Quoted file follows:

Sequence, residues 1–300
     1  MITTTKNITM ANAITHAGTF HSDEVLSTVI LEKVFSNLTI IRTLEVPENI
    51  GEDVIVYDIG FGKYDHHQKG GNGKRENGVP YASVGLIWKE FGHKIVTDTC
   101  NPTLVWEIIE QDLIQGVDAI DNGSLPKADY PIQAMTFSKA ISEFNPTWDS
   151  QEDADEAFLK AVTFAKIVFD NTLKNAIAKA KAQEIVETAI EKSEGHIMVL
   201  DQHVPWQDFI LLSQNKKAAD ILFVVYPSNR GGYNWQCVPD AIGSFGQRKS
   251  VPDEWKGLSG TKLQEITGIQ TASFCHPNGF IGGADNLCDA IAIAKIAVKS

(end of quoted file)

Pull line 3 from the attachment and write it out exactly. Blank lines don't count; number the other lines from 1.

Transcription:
    51  GEDVIVYDIG FGKYDHHQKG GNGKRENGVP YASVGLIWKE FGHKIVTDTC